Just another few days to go before the next meeting of the Death Cafe on 15 March from 6-8 pm, so am re-posting this account of the last meeting I attended in February. If you are close by it would be good to see you there.
As I walked towards the counter for my coffee I noticed three or four people talking to the lady who facilitates the Death Cafe. That looked promising. She passed me on her way to the room as I reached the counter and we exchanged greetings.
After a few minutes waiting for my coffee to be created, I began to have my doubts. They seemed to be quite happy standing at the counter chatting like a group if friends in a pub. I must have been mistaken, I thought.
I took my coffee and balanced it carefully back to the meeting room.
My pessimism was unjustified. They must have just been waiting for someone’s brew to finish. All four people joined us at the table after a short passage of time.
Unlike last time there was no lack of participants for the Death Cafe at the Courtyard Theatre in Hereford this month. In fact, I think this time was a record compared with all my other experiences: we had ten people round the table, including four complete new comers, for our usual exhilarating exploration of the meaning of life under the shadow of death.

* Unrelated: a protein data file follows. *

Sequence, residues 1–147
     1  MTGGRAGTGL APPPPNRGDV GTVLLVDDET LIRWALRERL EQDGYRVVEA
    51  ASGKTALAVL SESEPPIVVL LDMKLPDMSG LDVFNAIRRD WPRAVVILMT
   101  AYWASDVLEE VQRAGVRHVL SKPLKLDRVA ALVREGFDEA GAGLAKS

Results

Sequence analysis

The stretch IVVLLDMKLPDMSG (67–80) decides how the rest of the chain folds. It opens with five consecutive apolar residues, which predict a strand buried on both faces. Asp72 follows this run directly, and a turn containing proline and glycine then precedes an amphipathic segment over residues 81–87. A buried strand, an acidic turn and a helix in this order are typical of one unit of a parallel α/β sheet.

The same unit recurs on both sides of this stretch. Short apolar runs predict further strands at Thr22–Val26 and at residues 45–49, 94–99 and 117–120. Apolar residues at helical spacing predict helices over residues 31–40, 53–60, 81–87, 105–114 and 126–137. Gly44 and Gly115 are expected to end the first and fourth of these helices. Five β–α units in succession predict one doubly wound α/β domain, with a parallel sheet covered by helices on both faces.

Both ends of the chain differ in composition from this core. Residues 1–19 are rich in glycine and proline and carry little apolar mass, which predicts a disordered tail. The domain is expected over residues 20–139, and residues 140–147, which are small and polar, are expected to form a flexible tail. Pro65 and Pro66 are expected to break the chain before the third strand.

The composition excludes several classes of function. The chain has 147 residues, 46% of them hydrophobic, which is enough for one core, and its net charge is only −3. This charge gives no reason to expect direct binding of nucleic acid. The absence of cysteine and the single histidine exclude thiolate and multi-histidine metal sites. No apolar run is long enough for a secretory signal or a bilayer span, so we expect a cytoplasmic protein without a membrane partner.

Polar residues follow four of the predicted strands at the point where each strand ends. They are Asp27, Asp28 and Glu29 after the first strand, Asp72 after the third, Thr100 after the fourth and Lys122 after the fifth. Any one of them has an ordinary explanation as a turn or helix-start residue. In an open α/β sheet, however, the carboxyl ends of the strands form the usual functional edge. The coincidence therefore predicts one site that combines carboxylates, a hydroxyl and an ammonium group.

Some of the questions we dealt with this time were hardly existential. If you are not using an undertaker what do you do with the body in-between the post mortem/moment of death and the burial/cremation? Covering it with bags of frozen peas did not seem an ideal solution but none of us could come up with a better one. It was suggested that Soul Midwives could probably advise on better methods.
Another was, can you bury two bodies in one small plot, including your back garden? At least one person felt you could, but it was pointed out that this might reduce the value of the property somewhat in the event of its eventual sale.
I also could not resist sharing how inspiring I had found the recent funeral service I attended which had been organised entirely by the family and friends of the deceased (see link for full account). They had not relied on anyone else for input: there was no priest, no undertaker, no hearse. Instead, the coffin was carried to the graveside in a brightly coloured camper van, a vehicle perfectly suited to the tastes of the occupant.
At other points we criss-crossed over more predictable territory: near death experiences, Psi (I’ll be coming back to those issues in the next week or so), ghosts, exorcism, healing services to quieten the dead, and we debated whether it was possible to be sure whether there was an afterlife or there wasn’t (more of that too soon).
We all noted that Dying Matters Awareness week will run from 8-14 May, and we will be keeping our eyes open for possible events locally.
And I’ll end on my usual challenge. Death Cafes are held in many places. Maybe there’s one near you. Do you dare to give it a go?